National Center for Jewish Policy Studies Launch

Every website launch is a celebration, and today we’re tipping our glasses to the brand new National Center for Jewish Policy Studies (NCJPS) website.

The NCJPS is a nonpartisan think-tank publishes on topics of concern to the Jewish community, including synagogues in Jewish life, vouchers for religious schools and interfaith marriage. The website is a place for supporters to learn about research, consultations, conferences and scholarly publications.

Talance is proud to help communicate this organization’s mission. Ladies and gentlemen, introducing to the new National Center for Jewish Policy Studies website.

Learn More About ATutor and LMSs

Come learn about ATutor, Blackboard and other learning management systems during a panel discussion at the Boston chapter of the American Society for Training & Development. The meeting is Jan. 18, 2011, from 6 p.m. – 9 p.m. in Newton, MA.

Here’s the overview from the ASTD:

The first part [of the meeting] is Tech Talk, featuring Shawn Stiles, providing an overview of Lectora. In this presentation, Shawn will discuss Lectora, a popular development tool. His presentation will be an overview of the product including costs, competitors, why he likes this product as well as some pros and cons. He’ll also cover a brief how-to demonstration and end by showing the final product, live and on-line.

The second part of the evening will be an interactive panel discussion with several LMS expert, sharing and comparing their insights on specific LMS tools. LMS experts will be covering discussions on products from (Shannon Courtney), Blackboard (David Rosenbaum), ATutor (Monique Cuvelier) as well as others.

Location: Rebecca’s Cafe 275 Grove Street, Auburndale, MA 02459, 617-969-3382. For those who have not been to this Rebecca’s location, it is very easy to miss as you will not see a sign for Rebecca’s from the street. 275 Grove St. is the Riverside Office Park, right next to the Riverside MBTA train and bus stop. Rebecca’s is located at the back of the building, by the parking garage.

See you there!

Definitive Website Pre-Launch Checklist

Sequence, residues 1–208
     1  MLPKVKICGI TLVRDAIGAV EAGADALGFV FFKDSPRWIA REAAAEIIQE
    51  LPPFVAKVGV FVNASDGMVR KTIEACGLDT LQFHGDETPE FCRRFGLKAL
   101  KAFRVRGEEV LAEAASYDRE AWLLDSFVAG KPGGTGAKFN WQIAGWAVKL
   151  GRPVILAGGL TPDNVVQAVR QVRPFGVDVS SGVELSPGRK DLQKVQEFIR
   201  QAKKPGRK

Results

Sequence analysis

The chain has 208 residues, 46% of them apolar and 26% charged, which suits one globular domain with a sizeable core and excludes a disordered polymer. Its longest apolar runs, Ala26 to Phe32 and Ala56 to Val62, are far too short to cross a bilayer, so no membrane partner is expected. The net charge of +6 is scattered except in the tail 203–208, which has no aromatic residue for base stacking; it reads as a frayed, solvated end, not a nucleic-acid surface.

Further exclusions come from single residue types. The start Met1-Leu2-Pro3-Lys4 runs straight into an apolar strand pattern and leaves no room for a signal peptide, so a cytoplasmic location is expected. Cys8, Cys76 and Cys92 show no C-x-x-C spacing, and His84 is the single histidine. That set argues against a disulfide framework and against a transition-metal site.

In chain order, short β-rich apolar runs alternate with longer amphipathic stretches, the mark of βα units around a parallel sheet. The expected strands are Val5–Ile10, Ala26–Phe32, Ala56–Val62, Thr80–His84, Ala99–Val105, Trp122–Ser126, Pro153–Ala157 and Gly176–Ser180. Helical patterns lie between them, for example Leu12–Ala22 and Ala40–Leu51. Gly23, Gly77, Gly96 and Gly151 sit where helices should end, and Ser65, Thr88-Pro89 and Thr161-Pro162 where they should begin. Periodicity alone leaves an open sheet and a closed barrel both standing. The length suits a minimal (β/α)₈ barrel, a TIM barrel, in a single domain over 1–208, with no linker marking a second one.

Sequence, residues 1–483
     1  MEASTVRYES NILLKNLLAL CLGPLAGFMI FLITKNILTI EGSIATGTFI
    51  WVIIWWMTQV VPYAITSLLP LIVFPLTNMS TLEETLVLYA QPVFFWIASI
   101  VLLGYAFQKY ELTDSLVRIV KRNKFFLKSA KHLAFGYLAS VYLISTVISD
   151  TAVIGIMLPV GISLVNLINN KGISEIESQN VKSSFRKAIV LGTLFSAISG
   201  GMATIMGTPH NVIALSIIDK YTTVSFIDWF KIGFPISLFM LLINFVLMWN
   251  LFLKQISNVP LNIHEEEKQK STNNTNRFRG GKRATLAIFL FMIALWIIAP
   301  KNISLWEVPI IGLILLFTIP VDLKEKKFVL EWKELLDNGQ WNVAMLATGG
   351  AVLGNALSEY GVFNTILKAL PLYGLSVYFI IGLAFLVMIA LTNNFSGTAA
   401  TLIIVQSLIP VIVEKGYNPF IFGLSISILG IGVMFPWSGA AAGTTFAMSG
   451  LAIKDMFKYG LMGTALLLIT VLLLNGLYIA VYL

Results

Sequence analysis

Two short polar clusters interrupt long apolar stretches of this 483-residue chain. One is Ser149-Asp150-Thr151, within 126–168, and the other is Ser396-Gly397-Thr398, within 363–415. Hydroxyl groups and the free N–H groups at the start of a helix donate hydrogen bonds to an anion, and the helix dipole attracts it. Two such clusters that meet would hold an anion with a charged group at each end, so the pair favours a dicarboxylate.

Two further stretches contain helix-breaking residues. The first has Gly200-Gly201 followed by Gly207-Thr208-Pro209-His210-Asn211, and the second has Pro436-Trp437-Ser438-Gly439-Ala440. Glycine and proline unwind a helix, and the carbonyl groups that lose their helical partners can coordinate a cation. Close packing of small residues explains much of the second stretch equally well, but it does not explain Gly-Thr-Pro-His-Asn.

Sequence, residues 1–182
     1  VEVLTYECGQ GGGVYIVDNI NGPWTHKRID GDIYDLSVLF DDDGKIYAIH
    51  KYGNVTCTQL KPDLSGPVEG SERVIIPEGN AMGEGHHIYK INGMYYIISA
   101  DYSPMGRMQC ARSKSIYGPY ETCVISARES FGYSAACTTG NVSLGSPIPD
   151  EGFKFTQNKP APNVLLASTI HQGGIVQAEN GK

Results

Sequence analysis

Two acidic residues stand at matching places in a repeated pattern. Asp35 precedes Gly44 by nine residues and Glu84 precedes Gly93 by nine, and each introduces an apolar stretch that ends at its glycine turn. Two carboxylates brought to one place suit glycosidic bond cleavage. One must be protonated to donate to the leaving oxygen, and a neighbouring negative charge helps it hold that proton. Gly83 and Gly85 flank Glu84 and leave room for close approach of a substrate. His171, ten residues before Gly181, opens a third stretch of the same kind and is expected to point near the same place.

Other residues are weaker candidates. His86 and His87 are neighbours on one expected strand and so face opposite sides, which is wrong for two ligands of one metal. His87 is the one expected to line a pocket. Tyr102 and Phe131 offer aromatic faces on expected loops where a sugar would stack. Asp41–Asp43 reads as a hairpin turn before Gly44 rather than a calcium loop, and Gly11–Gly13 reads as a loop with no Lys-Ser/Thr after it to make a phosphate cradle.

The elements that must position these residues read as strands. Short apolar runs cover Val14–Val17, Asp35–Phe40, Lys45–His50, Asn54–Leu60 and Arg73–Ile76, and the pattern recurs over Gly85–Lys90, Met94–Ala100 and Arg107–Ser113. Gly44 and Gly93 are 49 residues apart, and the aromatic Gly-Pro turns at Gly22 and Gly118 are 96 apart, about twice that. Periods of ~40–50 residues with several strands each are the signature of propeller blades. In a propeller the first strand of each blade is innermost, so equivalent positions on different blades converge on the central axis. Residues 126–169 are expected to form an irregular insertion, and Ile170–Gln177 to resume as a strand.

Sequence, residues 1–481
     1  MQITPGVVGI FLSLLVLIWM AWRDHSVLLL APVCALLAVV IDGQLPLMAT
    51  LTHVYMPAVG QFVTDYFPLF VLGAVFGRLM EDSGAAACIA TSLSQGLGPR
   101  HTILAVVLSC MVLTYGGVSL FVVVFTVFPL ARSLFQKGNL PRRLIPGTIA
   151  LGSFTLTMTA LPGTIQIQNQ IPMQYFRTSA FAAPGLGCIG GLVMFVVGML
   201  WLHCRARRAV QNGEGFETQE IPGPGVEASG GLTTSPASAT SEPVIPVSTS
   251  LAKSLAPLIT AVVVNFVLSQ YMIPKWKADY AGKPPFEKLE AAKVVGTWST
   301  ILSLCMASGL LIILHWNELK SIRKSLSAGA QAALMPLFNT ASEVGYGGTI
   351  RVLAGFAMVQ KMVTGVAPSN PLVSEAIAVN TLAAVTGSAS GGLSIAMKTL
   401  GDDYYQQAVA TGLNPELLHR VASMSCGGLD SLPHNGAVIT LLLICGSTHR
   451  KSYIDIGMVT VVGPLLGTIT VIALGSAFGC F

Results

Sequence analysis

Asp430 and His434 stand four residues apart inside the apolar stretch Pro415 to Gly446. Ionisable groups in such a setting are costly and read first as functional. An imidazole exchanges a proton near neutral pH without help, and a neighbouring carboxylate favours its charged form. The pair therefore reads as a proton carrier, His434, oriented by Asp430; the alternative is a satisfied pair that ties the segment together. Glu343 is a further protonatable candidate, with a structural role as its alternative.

Websites can have as many moving parts as a jumbo jet, so it’s easy to lose track of something. That’s why checklists abound here at Talance HQ. They’re one of the best ways we know to make sure we don’t forget something while juggling all the building, writing and planning pieces. We know that when it comes time to launch, it’s particularly easy to forget something important.

Below is a list of top items that can make the launch of any website easier and more organized. We’ll keep adding if we think of anything new. Did we forget something? Add it in the comments, and we’ll update.

Also check out our 9-point SEO checklist to help you show up at the top of those search engine results.

[This appeared in our January newsletter. Wanna subscribe?]


  • Spelling correct on every page
  • Check for typos
  • All pages reviewed and accounted for
  • Outdated content removed
  • Placeholder content removed
  • Check for consistency in writing voice, tone and style (including first person vs. third person, singular and plural, eccentric capitalizations and words like “website” vs. “web site”)
  • Non-spelling errors, such as old addresses, phone numbers, former employees, etc., corrected
  • Stylistic inconsistencies fixed
  • Terms of use updated
  • Copyright updated
  • Privacy policy updated
  • Contact information accessible on every page
  • All hidden copy checked (error messages, JavaScript functions, transcriptions)
  • Jargon removed
  • Content quality evaluated